A list in the data of Pokémon Sun and Moon groups the Ultra Beasts with all of the sub-Legendary Pokémon.

Trio master

Main article: Trio master

A Legendary Pokémon that is associated with and regarded as superior to (in in-universe lore) the members (or other members) of a Legendary trio.

Game mascot

Main article: Game mascot

A Pokémon that appears on the boxart of one of the Pokémon games in the core series.

Fan terms


A term referring to the gigantic argument between fans when Generation VIII announced that some Pokémon would be cut from the game.


A pejorative term used to describe fans who dislike elements of the Pokémon franchise released after Generation I (and, to a lesser extent, Generation II). A corruption of "Generation One". Originated from the Transformers fandom's term of "Geewun", where some fans have a similar stance on their franchise. Related terms include Gentooer, Genfreer, and Genforer.

Game terms


The general concept of a boss in video games may refer to special, strong opponents who must be defeated to obtain an important reward or advance past a particular point in the game. In the Pokémon games, there are various figures who may fit this description:

Collection terms

Living Pokédex

Main article: Living Pokédex

Having a Pokémon of every species (available in that game) in the Pokémon Storage System at the same time.


A Pokémon or item obtained without cheating.


A Pokémon that is in the same state as it was obtained in. Specifically, it has gained no experience, levels, EVs, or Ribbons, had none of its moves changed or reordered, and has not evolved, gained Pokérus, or had its pre-existing Pokérus become inactive. Commonly used to refer to event Pokémon and in-game gift Pokémon.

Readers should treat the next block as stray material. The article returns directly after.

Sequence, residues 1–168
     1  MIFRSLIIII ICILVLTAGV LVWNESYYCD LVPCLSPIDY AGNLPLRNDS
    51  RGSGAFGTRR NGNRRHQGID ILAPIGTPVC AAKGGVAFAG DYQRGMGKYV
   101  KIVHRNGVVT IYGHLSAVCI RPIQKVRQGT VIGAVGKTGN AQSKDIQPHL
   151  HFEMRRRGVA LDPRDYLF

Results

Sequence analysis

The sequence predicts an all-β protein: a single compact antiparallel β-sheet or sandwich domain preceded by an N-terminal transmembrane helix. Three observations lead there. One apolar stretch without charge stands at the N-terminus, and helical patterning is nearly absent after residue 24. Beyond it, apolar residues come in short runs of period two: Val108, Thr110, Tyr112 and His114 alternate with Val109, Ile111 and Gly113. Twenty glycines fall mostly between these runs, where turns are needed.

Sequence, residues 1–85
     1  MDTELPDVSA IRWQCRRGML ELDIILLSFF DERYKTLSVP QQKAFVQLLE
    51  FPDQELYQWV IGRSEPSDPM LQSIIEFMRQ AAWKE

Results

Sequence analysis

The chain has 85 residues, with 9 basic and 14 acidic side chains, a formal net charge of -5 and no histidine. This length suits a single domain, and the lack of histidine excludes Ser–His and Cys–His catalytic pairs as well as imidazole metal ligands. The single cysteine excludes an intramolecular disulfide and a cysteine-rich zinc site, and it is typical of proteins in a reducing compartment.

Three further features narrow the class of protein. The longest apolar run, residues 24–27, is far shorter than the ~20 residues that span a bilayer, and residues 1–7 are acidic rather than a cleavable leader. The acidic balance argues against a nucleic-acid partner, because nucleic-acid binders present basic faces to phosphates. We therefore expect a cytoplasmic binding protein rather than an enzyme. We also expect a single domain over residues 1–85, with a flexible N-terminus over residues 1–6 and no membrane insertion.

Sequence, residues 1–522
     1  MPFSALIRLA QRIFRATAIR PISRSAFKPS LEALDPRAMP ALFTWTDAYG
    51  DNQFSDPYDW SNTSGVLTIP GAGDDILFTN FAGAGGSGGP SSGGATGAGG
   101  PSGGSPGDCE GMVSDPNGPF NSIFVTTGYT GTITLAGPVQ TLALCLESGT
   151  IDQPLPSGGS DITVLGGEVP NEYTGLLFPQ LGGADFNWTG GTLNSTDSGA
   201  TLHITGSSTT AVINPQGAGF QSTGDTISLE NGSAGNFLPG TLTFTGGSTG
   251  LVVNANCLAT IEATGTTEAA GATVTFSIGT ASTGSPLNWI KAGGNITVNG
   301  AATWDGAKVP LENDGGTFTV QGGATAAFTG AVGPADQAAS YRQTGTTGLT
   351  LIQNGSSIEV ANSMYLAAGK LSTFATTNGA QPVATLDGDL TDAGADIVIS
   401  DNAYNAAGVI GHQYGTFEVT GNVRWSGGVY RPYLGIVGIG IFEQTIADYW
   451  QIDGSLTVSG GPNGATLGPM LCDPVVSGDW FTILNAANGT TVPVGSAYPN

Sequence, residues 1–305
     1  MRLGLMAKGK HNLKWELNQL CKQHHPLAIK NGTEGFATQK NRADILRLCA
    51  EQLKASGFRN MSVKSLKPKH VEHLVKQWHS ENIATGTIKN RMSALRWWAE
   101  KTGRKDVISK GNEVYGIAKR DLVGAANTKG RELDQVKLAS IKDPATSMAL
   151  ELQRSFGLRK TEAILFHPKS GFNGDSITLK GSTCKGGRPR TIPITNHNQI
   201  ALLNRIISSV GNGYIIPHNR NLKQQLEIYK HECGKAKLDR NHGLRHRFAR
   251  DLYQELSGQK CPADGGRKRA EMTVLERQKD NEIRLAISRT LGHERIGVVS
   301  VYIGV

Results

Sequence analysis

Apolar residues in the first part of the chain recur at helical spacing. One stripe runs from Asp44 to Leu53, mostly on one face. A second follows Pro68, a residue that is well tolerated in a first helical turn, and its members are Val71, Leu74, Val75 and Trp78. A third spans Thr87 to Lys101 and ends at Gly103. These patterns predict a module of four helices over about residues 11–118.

Gameplay terms


Refers to a Pokémon with perfect/maximum individual values in all stats.

The term "5V" (a Pokémon with perfect/maximum individual values in five stats) is also commonly used due to the breeding effect of Destiny Knot, which was introduced in Generation VI.


A method used to repeatedly encounter the same Pokémon via the feature such as Poké Radar and DexNav, which lines up the chance of getting a desired Pokémon.


Main article: Cheating

The use of any device unauthorized by The Pokémon Company to modify a Pokémon game. Being found to have cheated in any way, or having a Pokémon that was obtained by cheating on another game will result in immediate disqualification from any official tournament, and disqualification from all future official tournaments.

EV training

Intentionally battling Pokémon for the EVs they give out in order to ensure EVs are distributed in a specific way or capped.

Gear Station or Centrico Plaza trick

Securing the D-pad or analog stick in one direction so that the player continuously walks around the circular Gear Station or Centrico Plaza, resulting in an effortless refilling of Hidden Grottoes, increase in friendship, hatching of Eggs, and accumulation of Poké Miles.


Training a Pokémon to a certain level through repetitive battling.


A Pokémon with the Ability Flame Body or Magma Armor such as Talonflame and Magcargo in the party, mainly used for hatching Eggs faster.

HM slave

Main article: HM slave